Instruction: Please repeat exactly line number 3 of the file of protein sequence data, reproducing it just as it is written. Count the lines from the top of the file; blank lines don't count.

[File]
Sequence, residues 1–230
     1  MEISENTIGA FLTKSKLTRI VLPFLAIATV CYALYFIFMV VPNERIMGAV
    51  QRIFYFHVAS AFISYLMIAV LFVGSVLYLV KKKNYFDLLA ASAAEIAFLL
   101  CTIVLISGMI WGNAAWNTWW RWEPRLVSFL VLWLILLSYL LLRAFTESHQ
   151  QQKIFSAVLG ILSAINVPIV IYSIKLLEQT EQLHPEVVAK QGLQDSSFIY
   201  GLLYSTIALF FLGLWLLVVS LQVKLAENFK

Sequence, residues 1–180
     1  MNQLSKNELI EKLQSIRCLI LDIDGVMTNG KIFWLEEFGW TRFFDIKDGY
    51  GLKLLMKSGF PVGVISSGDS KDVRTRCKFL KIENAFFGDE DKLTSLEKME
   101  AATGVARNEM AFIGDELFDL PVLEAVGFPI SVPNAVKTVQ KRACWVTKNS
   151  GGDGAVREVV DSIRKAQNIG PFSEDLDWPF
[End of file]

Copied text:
    51  QRIFYFHVAS AFISYLMIAV LFVGSVLYLV KKKNYFDLLA ASAAEIAFLL